Attention Deficit Hyperactivity Disorder in Adults

Last Updated: October 31, 2020

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This tool is designed to support primary care providers in screening, diagnosing and implementing treatment for adult patients (≥ 18 years) with attention deficit hyperactivity disorder (ADHD). ADHD in adulthood can be associated with significant impairment in occupational, academic, social and emotional functioning.1,2 The treatment of ADHD involves pharmacological and non-pharmacological interventions.

Click on the sections below to get started:

Screening and diagnosis

Consider screening for ADHD in primary care in adults who present with executive function difficulties, including those who do not have a childhood diagnosis of ADHD. Recent studies have shown that a substantial proportion of individuals with adult ADHD were not diagnosed or recognized in childhood.3

Due to the barriers to accessing specialty care, this tool aims to empower and guide primary care providers to manage adult ADHD within the primary care setting. For additional support consult specialists across the province at OTN eConsult4 and find mentors at the Ontario College of Family Physician’s (OCFP) Collaborative Mental Health Network.5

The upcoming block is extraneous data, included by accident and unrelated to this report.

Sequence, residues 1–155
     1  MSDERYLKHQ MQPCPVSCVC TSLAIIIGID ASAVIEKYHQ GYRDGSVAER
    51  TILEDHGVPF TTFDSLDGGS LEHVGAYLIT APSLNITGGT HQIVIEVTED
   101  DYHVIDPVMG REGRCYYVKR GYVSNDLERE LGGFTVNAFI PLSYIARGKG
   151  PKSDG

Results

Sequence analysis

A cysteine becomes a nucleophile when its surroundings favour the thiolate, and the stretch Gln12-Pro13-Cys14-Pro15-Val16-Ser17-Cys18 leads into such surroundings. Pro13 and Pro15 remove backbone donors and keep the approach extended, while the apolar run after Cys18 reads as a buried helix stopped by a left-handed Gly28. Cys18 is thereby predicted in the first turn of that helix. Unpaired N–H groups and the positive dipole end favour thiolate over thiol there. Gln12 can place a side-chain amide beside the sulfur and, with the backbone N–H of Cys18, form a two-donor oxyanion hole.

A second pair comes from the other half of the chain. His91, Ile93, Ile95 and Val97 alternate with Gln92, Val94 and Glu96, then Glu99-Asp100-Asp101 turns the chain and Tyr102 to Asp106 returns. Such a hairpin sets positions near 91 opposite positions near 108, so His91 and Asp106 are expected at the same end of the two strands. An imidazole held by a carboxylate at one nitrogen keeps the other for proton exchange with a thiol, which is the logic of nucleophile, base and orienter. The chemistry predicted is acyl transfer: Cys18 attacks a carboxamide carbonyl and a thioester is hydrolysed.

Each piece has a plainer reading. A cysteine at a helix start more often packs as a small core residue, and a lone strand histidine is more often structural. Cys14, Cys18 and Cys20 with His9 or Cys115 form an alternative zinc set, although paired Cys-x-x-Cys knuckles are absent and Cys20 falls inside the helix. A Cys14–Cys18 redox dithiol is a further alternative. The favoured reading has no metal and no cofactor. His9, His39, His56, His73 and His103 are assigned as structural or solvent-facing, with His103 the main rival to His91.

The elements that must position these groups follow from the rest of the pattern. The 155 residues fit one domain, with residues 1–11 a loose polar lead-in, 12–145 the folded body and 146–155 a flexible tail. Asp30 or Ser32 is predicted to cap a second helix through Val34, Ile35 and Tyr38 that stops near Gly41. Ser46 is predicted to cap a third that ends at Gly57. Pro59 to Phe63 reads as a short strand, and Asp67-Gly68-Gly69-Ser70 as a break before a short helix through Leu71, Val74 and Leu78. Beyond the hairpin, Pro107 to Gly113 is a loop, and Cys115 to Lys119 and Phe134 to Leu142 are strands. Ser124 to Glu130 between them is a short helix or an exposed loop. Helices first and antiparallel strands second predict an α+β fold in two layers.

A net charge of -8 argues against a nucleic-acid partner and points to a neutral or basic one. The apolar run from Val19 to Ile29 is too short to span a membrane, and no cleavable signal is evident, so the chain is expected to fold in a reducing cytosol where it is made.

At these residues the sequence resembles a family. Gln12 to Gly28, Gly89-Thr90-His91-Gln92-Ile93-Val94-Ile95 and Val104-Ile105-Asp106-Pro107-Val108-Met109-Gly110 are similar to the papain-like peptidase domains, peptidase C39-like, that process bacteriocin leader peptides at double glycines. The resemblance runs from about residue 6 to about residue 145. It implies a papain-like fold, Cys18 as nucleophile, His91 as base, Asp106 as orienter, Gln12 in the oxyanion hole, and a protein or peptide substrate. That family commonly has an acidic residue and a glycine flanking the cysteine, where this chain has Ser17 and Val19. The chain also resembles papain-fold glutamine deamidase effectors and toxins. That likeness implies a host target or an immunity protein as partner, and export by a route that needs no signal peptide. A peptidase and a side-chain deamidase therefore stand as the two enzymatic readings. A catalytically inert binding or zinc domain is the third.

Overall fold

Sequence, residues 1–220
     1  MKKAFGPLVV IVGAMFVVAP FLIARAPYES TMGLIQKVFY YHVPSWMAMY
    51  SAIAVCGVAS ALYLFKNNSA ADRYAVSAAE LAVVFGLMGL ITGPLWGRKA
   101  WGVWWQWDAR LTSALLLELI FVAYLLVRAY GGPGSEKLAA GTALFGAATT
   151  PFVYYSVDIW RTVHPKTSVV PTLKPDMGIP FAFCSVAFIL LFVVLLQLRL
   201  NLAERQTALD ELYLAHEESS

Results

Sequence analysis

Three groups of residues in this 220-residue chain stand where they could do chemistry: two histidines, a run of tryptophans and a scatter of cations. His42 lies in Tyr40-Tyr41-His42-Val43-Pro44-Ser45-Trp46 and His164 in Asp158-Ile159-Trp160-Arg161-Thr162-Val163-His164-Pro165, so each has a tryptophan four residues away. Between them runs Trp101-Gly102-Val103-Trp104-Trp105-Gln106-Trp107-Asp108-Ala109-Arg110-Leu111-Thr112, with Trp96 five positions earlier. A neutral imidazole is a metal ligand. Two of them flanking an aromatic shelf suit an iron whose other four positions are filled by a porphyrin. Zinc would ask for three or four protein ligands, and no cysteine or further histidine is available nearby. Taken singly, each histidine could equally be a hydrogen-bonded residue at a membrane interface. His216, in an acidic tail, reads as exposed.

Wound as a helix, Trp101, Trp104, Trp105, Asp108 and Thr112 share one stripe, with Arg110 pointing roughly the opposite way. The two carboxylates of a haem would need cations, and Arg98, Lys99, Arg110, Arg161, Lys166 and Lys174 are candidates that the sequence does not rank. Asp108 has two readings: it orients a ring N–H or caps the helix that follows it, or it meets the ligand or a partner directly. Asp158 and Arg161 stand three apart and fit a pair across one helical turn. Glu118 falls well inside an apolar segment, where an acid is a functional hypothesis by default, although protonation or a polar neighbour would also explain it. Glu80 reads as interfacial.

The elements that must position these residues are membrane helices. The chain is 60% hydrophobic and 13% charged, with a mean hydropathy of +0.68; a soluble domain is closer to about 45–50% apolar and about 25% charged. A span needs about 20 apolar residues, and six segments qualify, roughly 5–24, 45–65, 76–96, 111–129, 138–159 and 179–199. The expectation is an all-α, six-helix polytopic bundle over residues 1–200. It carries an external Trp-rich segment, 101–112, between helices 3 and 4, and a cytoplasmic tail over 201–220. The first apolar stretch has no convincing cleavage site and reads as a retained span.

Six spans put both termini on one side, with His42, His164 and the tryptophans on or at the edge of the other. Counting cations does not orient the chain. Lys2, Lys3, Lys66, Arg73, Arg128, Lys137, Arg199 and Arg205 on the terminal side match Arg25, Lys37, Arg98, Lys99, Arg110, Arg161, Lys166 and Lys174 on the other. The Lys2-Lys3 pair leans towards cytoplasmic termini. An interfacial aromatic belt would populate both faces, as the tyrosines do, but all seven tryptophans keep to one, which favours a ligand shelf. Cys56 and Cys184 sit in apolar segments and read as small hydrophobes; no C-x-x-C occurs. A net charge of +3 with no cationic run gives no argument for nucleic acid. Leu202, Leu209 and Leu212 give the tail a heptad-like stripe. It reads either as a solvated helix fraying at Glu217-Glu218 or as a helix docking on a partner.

Some opportunities for screening

Consider screening your patient who has:2

  • A hard time adjusting to structure and transitions in their life
  • Binge eating issues/fluctuating weight
  • Emotional dysregulation
  • Family dysfunction
  • Occupational instability
  • Persistent perceived underachievement
  • Poor adherence to healthy lifestyle
  • Risk taking behaviour
  • Treatment resistant anxiety and/or depression


Use the Adult ADHD self-report scale (ASRS-V1.1) symptom checklist to screen patients for ADHD.6 The ASRS-V1.1 is designed to encourage dialogue between you and your patient to identify if they have symptoms of ADHD.3 If the patient has symptoms highly consistent with ADHD in adults, then investigation is warranted using the diagnostic criteria below.6


In order to diagnose for ADHD, symptom manifestations of hyperactivity/impulsivity and/or inattention should:7

If possible, ask the patient for permission to consult a third-party (a friend or family member) who is close to the patient and can offer further insight into their symptoms.

Talking points

Look for signs of ADHD and address it with your patient
“Were you diagnosed with ADHD as a child? You seem to have some symptoms of ADHD. Let’s do an assessment to check.

Talk to your patient without judgment,stigma or bias
“Many people don’t know that they have been living with ADHD until adulthood. It is a treatable and common condition, affecting 3.4% of adults worldwide.”3